Orissa attacks are 'religious genocide', says ministry leader

The persistent and vicious attacks against Christians in India are "religious genocide", says one Christian ministry leader fresh from a visit to the persecution hotspot of Orissa state.

"This has been a religious genocide according to the UN definition of genocide, where persistently and systematically it is planned and not stopped," maintains Ramesh Landge, founder and director of Cooperative Outreach of India (COI), according to Mission Network News.

"It falls in that category of genocide, and we do agree with that."

Landge, whose ministry works with US-based Partners International, has been visiting the eastern state of Orissa, where the anti-Christian campaign is most fierce, to help the displaced Christians there.

More than 50,000 Christians have been displaced by the violence, and 30,000 of them live in relief camps while others hide in the jungles.

Since mid-August, over 4,000 Christian homes, churches and businesses have been destroyed by Hindu militant mobs. The number killed in the clashes, overwhelmingly Christian, range from 40 to nearly 100 depending on the source.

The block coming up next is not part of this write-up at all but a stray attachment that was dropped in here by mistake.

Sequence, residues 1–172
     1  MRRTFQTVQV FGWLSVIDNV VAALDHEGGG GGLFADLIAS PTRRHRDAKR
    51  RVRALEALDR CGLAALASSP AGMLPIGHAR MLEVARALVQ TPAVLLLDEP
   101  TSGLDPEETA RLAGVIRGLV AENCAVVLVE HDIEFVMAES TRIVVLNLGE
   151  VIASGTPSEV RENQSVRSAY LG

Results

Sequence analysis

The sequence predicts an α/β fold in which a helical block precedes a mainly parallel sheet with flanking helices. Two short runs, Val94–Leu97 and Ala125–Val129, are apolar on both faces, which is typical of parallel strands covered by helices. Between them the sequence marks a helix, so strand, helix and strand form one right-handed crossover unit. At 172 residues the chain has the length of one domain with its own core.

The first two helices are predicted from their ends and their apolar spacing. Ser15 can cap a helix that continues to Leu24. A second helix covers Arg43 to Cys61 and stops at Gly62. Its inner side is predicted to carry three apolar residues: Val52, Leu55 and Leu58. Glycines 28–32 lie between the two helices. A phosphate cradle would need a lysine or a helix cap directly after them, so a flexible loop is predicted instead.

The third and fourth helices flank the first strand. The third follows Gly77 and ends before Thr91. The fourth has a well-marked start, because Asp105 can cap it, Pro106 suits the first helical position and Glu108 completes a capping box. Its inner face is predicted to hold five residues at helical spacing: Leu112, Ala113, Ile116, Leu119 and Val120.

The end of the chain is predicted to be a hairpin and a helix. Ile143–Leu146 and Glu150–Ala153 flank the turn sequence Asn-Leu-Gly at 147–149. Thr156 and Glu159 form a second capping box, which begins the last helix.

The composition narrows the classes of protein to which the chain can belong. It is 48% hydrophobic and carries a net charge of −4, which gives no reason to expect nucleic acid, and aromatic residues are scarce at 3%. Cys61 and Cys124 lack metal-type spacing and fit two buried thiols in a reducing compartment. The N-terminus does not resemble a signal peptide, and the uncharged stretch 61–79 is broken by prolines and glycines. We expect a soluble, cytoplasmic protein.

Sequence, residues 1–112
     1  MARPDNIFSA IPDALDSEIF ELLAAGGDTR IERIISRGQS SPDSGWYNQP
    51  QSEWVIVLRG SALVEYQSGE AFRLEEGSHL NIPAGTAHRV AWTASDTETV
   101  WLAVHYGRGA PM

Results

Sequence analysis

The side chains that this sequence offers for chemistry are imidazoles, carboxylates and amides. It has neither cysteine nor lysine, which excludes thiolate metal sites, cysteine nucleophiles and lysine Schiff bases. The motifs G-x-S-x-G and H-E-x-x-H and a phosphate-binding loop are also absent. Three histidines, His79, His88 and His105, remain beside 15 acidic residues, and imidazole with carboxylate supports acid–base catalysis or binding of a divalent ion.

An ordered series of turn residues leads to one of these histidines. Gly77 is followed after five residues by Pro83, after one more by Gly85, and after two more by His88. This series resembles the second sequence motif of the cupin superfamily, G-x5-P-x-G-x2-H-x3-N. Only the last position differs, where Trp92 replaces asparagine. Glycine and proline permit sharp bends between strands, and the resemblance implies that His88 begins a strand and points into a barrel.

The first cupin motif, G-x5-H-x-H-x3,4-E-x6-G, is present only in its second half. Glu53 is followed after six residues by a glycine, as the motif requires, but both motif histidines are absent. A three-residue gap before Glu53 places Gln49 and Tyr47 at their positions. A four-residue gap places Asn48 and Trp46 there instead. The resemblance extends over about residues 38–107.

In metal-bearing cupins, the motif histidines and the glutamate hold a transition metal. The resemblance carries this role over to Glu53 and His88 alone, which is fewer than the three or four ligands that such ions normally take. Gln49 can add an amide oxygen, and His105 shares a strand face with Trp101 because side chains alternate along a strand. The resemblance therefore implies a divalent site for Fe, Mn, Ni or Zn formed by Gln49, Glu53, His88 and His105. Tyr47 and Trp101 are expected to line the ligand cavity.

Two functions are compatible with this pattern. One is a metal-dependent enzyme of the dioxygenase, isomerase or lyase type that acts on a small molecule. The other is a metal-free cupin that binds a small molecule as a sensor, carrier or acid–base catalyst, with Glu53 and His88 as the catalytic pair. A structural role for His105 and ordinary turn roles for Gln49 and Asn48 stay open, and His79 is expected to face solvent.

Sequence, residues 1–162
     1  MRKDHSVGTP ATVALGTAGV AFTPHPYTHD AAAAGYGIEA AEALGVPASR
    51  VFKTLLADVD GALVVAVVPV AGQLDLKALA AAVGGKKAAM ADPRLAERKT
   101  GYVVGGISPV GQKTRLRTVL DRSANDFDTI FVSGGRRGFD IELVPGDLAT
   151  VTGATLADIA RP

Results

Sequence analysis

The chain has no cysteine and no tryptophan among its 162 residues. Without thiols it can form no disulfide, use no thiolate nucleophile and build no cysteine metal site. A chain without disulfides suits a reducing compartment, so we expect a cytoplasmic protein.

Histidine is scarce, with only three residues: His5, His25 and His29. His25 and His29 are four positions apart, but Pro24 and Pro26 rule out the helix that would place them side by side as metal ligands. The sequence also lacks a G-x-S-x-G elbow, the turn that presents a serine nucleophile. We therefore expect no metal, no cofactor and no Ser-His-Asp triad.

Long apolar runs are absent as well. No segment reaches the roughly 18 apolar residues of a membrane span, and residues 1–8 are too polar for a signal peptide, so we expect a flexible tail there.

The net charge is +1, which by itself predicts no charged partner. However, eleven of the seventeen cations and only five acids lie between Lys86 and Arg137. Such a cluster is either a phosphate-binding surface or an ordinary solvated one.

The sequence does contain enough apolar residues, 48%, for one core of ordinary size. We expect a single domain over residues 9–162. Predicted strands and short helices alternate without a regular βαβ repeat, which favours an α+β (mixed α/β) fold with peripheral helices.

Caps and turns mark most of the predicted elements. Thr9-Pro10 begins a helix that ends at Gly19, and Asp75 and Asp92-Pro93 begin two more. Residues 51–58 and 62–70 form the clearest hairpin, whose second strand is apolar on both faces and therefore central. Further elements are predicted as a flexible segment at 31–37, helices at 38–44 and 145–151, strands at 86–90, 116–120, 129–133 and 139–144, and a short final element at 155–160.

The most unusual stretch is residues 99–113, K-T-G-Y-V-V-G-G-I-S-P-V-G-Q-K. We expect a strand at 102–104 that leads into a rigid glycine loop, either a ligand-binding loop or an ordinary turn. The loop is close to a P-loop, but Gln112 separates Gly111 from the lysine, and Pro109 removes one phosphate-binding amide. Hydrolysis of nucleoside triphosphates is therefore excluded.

"There has been a lot of intimidation. There has been a lot of persecution. People have not been able to go back [to their homes]," Landge said. "If they do go back, the Hindu fundamentalists parties want them to reconvert."

But the ministry leader readily emphasised that although Christians have been suffering they have not renounced their faith and are continuing to stand strong as followers of Jesus Christ.

"This is the very first time in Indian history that such a long onslaught against Christians has taken place, and in a sustained way," he observed. "In a way, the government was part of it. They never tried to stop it. They were just silent spectators."

The global ministry Partners International, which supports local Christian ministries in the least Christian regions of the world, is trying to help provide relief items to the displaced, especially since winter is nearing, Landge informed.

He asks Christians elsewhere to help by praying for those being persecuted, advocating on their behalf in their respective countries, and donating to help physically ease the suffering of those being persecuted.